2022 MG 3 Review

August 16, 2022

About the MG3

The MG3 is a light hatchback that serves as the entry point into MG Motor’s range in Australia.

Priced from $18,490 drive-away, it’s one of Australia’s cheapest new cars on sale and is similar in size to the Kia Rio and Suzuki Swift.

MG is very much moving in the direction of becoming a serious contender to the likes of Toyota, Mazda, Kia and Hyundai. It has been outselling brands like Honda and Subaru for some time but the way it’s going, it will likely be giving Hyundai some sleepless nights in the coming years.

How much does the MG 3 cost?

There are two variants of the MG 3, the base model 2022 MG 3 Core (tested here) which is currently advertised for $17,990 drive-away (up $400 from earlier this year) and the slightly higher-spec 2022 MG 3 Excite which comes in at $19,490 drive-away (up $800 on last year’s pricing).

What do you get?

The base MG 3 Core comes with the following standard features:

  • Reversing camera
  • Rear parking sensors
  • 8.0-inch touchscreen infotainment system
  • Wired Apple CarPlay
  • Cruise control
  • Four-speaker sound system
  • Leather-wrapped steering wheel and shift knob
  • 15-inch alloy wheels
  • LED daytime running lights
  • Tartan fabric trim
  • Satellite navigation is a $500 option on the MG 3 Core.

The MG 3 Excite adds the following:

  • Leatherette and tartan fabric trim
  • 16-inch alloy wheels
  • Six-speaker sound system
  • Satellite navigation
  • You can find further details on all the options and inclusions offered across all variants in the MG 3 specifications sheet.

What is the MG 3 like on the inside?

It feels very much like an $18,000 car on the inside. Although the MG 3 surprises with some modern features like its high-resolution 8.0-inch touchscreen with wired Apple CarPlay, and an actual leather-wrapped steering wheel (take note Toyota), it by no means exudes any form of luxury or premium feel.

Considering the base model Toyota Corolla has a plastic steering wheel and looks not all that much better inside (in fact, the MG 3 has more soft touch plastics), it’s hard to really criticise the MG 3’s interior given the price.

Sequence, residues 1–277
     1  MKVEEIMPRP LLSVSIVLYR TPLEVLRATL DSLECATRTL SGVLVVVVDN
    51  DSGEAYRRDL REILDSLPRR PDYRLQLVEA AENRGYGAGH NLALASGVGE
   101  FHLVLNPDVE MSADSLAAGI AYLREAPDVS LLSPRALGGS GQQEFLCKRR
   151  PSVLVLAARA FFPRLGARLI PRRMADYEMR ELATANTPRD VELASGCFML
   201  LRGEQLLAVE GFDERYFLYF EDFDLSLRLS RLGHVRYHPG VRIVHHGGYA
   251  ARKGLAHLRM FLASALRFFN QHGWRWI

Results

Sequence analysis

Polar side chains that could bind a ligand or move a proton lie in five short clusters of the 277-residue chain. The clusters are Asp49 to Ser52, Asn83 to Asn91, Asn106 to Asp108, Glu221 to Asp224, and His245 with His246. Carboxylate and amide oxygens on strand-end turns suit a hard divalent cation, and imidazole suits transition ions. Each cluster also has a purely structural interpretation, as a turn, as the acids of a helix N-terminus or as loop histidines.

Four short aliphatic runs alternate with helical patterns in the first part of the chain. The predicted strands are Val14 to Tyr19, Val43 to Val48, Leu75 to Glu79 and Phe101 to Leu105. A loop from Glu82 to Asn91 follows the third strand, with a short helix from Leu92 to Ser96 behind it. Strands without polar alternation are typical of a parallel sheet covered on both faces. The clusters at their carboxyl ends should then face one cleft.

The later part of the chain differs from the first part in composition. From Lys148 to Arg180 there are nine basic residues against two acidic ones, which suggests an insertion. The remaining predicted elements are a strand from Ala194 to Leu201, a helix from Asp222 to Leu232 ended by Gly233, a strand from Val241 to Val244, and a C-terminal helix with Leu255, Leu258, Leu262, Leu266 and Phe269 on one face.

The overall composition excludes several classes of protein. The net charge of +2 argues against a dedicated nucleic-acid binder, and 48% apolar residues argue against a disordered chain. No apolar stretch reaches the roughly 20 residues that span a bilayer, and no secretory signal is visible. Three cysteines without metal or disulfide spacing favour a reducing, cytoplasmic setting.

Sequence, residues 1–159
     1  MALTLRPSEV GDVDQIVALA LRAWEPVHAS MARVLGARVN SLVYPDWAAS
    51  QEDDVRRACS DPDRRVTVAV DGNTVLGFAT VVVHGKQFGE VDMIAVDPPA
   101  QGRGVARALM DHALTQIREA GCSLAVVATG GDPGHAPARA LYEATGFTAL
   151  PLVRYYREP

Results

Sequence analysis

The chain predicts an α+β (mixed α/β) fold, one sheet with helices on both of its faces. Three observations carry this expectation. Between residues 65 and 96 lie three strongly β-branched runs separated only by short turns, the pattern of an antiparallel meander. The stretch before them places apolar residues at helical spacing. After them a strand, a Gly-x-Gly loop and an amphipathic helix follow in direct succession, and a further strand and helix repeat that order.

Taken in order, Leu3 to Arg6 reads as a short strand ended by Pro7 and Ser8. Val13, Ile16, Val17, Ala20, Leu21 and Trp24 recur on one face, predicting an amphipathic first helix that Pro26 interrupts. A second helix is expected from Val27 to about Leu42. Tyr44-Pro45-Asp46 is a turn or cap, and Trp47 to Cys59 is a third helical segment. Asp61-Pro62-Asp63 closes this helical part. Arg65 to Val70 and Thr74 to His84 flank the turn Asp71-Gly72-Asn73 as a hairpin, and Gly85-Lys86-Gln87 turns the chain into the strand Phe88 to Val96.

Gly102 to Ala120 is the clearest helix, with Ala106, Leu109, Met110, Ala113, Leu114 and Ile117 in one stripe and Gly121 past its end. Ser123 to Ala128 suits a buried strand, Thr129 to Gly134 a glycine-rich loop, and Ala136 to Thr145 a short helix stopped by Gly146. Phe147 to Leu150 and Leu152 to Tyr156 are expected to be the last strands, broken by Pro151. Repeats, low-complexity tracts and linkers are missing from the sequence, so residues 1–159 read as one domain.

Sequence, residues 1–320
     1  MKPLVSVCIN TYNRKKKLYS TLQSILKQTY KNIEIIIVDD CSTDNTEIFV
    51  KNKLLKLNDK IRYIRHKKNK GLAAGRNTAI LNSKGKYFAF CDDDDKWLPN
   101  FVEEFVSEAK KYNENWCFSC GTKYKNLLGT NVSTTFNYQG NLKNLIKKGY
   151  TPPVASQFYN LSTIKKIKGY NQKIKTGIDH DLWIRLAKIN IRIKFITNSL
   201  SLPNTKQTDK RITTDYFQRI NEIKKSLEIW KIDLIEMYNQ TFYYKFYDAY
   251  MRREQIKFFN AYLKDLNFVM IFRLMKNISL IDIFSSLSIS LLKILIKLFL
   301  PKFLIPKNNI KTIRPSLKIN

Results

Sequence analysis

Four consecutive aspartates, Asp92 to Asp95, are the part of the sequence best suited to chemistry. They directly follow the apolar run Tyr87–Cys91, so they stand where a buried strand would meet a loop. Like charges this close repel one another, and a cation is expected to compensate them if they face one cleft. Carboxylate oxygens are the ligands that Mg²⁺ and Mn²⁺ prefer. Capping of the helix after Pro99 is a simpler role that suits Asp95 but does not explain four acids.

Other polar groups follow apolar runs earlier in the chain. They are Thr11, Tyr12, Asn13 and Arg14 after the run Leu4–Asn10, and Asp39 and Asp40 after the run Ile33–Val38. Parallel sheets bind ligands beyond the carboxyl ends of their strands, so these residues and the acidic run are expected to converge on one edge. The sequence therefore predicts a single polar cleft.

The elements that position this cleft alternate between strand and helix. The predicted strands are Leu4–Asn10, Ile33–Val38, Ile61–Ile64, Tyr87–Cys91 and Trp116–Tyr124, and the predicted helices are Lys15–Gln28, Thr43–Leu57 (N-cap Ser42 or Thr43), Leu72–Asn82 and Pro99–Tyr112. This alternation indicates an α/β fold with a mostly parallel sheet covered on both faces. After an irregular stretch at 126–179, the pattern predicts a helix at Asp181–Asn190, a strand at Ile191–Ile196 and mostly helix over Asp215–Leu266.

We would go so far as to say, the front seats are actually comfortable, and you would have no issue sitting there for extended periods of time.

The four-speaker stereo is decent, as is the reversing camera.

The rear seats are also pretty decent and given the MG 3 is a much larger car inside than the Mirage and Picanto, it can be a more comfortable place for those looking to utilise the rear seats more frequently.

The MG 3’s quoted luggage capacity is 307L, increasing to a maximum of 1081L with the rear seats folded.

How does the MG 3 drive?

It will absolutely get the job done as an inner-city car for commuters, but if you intend to do lots of driving across highways in the country where overtaking trucks is a regular requirement, we would probably recommend something with a little more power.

The MG 3 isn’t not slow enough to be painful though, and the decision to go for a four-speed automatic transmission in lieu of a CVT makes the driving experience less droney, and more engaging.

You do feel a lot through the seat and steering wheel. Although this is probably unnoticeable to most drivers who are jumping into perhaps their first car or coming out of an old ca.

Overall, we rate the MG 3’s on-road manner as decent for inner-city and urban driving where the roads are smooth and the highways are infrequent, but outside of that we suggest an alternative choice.

Overall Rating | 7.1

  • Cost of Ownership | 7.5
  • Ride Comfort | 6
  • Fit for Purpose | 7
  • Handling Dynamics | 7
  • Interior Practicality and Space | 7.5
  • Fuel Efficiency | 7
  • Value for Money | 8
  • Performance | 6.3
  • Technology Infotainment | 7.9

This article is originally featured on carexpert.com.au and can be viewed here.